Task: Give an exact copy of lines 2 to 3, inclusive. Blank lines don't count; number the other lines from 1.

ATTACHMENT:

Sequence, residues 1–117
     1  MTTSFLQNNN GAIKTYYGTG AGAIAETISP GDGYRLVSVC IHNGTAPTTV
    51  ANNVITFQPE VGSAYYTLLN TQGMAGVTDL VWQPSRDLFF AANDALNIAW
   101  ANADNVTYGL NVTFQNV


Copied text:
     1  MTTSFLQNNN GAIKTYYGTG AGAIAETISP GDGYRLVSVC IHNGTAPTTV
    51  ANNVITFQPE VGSAYYTLLN TQGMAGVTDL VWQPSRDLFF AANDALNIAW